I am curious as to the mentality behind upvoting/downvoting questions...

I can understand the logic behind upvoting/downvoting answers "ok if an answer is bad then downvote it" sure this kind of makes sense (though in my head is a bit silly. if it is a bad answer then let the person who answered it know and maybe they can revise it and then we all learn a little more...)

But the idea of saying "hey this is a good question" or "this is a bad question" doesn't necessarily make sense to me. And I am not saying that I don't know what a bad question is. I understand that a lot of the questions on AskUbuntu can be answered with a simple google search and maybe 10 minutes of homework.

So my question is what is the idea behind downvoting/upvoting questions?

Especially when you are able to downvote questions without saying why it is a bad question. And no I am no saying that to downvote you need to explain why you think it is a bad question. I am more saying, if you think it's a bad question or not worth your time then just leave it, rather than taking the time to downvote it?

3 Answers 3


Downvoting questions is an important moderation task which helps to filter out low quality posts from the site.

Case in point: A question which is closed (except when closed as a duplicate) and has no answers with positive score gets deleted automatically after a certain period of time (30 days?) if it has a negative score. This means moderators and users with delete vote privilege don't have to keep track of all the closed, low-quality questions with the intention to remove them later in order to keep the site "clean".

So I reckon the suggestion that "if you think it's a bad question or not worth your time then just leave it, rather than taking the time to downvote it" is not really a productive one.

  • Ok! This makes sense thanks for the answer! Does this not leave to much "power" in the hands of regular users though? I think to display a downvote you need like 175? but to me this seems achievable by the general public. And I guess we can politely agree to disagree about "it you think it is a bad question...." As to me downvoting (in my head at least) could easily divulge into something very petty as in "Oh this person gave me attitude I will downvote all their questions and answers"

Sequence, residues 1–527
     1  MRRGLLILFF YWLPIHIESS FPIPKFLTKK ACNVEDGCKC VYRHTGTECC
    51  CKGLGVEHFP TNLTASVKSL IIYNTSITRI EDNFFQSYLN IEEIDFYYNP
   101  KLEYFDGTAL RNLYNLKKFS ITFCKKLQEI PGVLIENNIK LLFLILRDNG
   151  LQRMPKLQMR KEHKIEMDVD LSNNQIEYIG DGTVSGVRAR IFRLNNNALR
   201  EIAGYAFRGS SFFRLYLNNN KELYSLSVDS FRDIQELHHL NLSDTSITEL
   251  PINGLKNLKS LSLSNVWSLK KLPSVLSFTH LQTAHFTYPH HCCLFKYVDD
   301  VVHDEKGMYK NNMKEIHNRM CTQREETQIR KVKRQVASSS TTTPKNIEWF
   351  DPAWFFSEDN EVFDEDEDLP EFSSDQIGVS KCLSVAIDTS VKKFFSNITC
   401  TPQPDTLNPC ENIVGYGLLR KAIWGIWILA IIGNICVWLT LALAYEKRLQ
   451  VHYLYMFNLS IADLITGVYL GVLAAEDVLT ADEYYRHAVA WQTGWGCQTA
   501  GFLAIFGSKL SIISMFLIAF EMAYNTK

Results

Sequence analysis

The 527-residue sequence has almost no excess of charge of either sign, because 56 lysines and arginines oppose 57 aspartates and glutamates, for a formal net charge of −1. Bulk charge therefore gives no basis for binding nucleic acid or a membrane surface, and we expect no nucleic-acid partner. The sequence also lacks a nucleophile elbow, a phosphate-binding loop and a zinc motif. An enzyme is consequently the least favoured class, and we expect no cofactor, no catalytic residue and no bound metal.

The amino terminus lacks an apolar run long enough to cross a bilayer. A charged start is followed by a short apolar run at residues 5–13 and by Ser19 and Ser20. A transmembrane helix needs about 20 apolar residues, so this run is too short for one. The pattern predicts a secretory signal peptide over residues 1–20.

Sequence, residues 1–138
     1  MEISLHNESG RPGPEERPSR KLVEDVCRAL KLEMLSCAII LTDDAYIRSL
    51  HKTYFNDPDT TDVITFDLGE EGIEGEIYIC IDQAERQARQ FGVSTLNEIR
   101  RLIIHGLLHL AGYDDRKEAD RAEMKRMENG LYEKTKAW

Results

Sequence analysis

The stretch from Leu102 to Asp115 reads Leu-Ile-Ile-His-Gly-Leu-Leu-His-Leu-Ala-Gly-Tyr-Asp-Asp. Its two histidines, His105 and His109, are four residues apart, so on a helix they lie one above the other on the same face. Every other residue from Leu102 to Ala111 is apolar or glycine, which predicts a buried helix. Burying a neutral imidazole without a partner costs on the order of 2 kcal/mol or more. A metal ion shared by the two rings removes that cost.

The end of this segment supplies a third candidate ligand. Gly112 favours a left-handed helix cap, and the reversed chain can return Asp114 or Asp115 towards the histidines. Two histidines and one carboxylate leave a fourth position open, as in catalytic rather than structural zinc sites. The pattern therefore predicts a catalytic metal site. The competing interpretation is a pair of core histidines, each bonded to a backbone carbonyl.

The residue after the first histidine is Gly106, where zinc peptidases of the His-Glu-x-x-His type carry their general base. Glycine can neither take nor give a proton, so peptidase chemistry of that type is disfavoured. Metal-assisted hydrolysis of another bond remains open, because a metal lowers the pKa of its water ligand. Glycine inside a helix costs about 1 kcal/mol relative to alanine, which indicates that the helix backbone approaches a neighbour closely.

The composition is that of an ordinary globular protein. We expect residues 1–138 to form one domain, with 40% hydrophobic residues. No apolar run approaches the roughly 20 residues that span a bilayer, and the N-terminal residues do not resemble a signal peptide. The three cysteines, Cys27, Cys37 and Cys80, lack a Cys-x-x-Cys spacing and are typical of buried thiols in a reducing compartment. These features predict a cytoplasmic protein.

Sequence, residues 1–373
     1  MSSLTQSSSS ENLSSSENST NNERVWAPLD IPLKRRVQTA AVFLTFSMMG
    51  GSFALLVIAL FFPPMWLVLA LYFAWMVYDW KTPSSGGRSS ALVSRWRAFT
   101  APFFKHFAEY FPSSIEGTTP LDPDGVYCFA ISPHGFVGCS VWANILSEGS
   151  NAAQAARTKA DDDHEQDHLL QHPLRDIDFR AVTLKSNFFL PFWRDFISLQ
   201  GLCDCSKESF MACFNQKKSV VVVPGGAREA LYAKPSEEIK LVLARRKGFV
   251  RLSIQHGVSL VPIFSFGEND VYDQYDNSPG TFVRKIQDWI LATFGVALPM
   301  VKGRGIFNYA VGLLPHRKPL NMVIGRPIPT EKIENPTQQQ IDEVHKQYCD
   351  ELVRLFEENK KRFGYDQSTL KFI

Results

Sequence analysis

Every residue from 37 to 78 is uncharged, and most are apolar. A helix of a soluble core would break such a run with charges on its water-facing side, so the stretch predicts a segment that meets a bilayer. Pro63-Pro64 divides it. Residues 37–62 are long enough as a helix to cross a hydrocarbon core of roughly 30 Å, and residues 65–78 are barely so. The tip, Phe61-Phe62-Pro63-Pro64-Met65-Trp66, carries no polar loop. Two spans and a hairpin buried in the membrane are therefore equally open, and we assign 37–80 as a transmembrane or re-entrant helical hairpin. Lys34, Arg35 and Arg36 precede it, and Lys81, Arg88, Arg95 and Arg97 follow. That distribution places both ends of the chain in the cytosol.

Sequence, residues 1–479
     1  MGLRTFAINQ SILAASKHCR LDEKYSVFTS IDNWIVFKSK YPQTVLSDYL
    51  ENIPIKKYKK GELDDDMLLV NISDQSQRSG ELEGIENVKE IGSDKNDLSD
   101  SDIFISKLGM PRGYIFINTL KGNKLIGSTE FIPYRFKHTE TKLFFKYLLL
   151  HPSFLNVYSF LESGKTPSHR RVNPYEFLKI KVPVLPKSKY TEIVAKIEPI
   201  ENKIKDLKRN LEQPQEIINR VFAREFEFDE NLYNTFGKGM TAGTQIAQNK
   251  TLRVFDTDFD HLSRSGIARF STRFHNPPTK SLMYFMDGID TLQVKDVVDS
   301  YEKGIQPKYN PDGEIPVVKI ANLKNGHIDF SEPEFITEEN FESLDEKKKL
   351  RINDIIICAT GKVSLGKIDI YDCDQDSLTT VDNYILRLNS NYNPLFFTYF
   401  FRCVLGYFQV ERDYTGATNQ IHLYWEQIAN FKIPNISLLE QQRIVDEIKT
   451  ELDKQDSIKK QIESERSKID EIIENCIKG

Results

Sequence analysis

– j-money
    Commented Aug 18, 2018 at 18:34
  • @j-money It is very unfortunate if you had to be at the receiving end of such behaviour. The system is otherwise very good at detecting serial downvoting (and upvoting too) and reverting them overnight.
    – pomsky
    Commented Aug 18, 2018 at 18:57

if you think it's a bad question or not worth your time then just leave it, rather than taking the time to downvote it?


I'm not sorry. No.

I don't know how you use Stack Exchange sites or what you think their intended usage is, but I use it as a library*. When I browse this library, looking for something, I want good results. That means good answers. And that almost always means good questions. That means maintaining the sites: cleaning up useless crap, polishing the useful stuff, and ensuring that over time, there is more useful stuff than crap.

That means encouraging good questions ...


Discouraging bad questions.

If there were no disincentive to posting crap, we'd be drowning it. Check my vote count on Ask Ubuntu:

5,088 up
6,167 down

But! That's my total vote count, including deleted posts. My surviving downvotes, on posts that haven't been deleted, is:

2,033 votes cast

That means a good two-thirds of the posts I have downvoted end up deleted. (For comparison, my surviving upvote count is 4,968 - some 2% have been deleted.) Now, you could say that some of the deleted posts I have downvoted may not have deserved it, but I say that some of the surviving downvoted posts do deserve deletion**, and these two balance each other out.

How much useful would you think the site would be, if for every useful post you see here, there's two crap posts? The search is bad enough as it is, but it would be far worse if you couldn't even use question score as a way to filter out sand.

Downvoting is, as pomsky says, a quality-control mechanism. There's a reason why downvoting questions is free (downvoting answers costs 1 rep): stem the tide of bad questions, and the number of bad answers that you then have to clean up automatically go down.